The arts course group of the curriculum encompasses visual arts and performing arts. Students are encouraged to identify particular creative abilities and to master techniques appropriate to that form of expression.
In addition, the course organizes learning around the creative cycle–a dynamic, ongoing process of sensing, planning, creating, and evaluating art; one which involves all the senses, and encourages creative energy, communication, interaction and reflection; one which aims to help the student become a developing artist; one which is able to assess the level of skill and target the areas that need development and seeks to acquaint young people with the creations of men and women whose works have proven to be of enduring worth.
Physical Education (PE)
A key component of PE is the exploration of human issues that help students identify and develop skills that will enable them to function as effective members of societies, to learn how they are changing, and how to make informed decisions that might relate to their own welfare.
Students develop skills that help them become personally responsible for their own laptops including operating system, office, and security software. They begin to use multiple tools to research, collect, organize, and present information and media from text documents to graphics animation. In particular, students are encouraged to display ingenuity and creativity in devising practical solutions to given tasks. Students use the design cycle to investigate, design, plan, create, and evaluate. This subject area is valuable for reinforcing and integrating skills learned in other disciplines, especially in the presentation and handling of data and the process involved in the design and manufacture of a product. At the same time, it fosters an awareness of the social and ethical implications of technological development.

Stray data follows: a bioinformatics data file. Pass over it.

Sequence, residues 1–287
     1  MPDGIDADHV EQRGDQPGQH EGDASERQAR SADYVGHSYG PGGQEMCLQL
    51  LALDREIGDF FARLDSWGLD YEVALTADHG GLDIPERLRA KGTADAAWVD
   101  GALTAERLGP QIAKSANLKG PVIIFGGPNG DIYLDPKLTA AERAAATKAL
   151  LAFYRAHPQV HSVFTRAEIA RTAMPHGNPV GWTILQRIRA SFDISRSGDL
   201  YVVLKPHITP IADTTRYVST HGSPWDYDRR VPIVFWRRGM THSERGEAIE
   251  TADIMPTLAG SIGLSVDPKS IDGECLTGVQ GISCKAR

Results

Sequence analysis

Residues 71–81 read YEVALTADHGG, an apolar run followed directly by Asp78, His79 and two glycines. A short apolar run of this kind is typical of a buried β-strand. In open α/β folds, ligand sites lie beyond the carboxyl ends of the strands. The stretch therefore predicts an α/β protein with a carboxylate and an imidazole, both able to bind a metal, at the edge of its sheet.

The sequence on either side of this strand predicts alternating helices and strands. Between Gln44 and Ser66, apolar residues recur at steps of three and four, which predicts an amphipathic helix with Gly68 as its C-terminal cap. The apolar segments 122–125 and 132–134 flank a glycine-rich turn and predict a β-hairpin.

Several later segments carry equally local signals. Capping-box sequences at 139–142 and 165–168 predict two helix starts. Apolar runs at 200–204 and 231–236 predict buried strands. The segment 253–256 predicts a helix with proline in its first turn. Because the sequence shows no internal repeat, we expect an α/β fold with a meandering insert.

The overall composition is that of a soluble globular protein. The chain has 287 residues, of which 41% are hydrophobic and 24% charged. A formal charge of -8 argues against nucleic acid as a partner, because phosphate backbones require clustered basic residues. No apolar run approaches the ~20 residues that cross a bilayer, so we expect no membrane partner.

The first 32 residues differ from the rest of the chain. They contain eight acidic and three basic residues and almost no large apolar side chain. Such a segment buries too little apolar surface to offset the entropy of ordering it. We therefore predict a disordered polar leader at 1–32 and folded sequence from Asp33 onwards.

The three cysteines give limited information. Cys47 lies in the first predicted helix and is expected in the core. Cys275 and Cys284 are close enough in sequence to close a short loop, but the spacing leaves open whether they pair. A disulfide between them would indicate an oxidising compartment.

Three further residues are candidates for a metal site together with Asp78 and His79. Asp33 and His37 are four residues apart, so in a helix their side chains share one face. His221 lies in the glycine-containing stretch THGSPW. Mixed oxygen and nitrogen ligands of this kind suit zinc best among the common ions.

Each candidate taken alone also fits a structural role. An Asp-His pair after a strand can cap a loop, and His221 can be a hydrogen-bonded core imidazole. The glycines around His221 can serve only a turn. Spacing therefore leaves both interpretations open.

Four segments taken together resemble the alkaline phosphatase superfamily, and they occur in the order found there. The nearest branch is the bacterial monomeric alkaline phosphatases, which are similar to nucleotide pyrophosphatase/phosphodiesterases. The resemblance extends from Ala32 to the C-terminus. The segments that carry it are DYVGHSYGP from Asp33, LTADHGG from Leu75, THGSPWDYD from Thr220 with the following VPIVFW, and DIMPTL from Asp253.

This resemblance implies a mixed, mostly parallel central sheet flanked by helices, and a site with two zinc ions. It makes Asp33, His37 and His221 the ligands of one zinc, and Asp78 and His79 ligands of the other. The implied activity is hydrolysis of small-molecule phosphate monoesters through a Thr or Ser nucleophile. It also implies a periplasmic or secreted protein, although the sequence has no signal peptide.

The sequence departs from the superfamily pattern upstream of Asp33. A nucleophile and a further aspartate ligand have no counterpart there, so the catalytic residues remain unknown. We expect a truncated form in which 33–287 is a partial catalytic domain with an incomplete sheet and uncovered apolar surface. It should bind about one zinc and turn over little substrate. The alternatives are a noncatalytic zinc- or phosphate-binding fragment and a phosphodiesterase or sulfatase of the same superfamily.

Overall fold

In the final year of the MYP, each student completes a personal project, a significant piece of work that is the product of the student’s own initiative and creativity. Each project must reflect a personal understanding of the areas of interaction. Students apply the skills acquired through one of these areas as well as approaches to learning. Students are expected to choose their project, which can take many forms, and take the process through to completion under the supervision of a teacher in the school. This involves planning, research, and a high degree of personal reflection. The personal project is assessed by teachers against a set of IB assessment criteria. This personal project should reflect the efficacy of the integration of the areas of interaction in the school.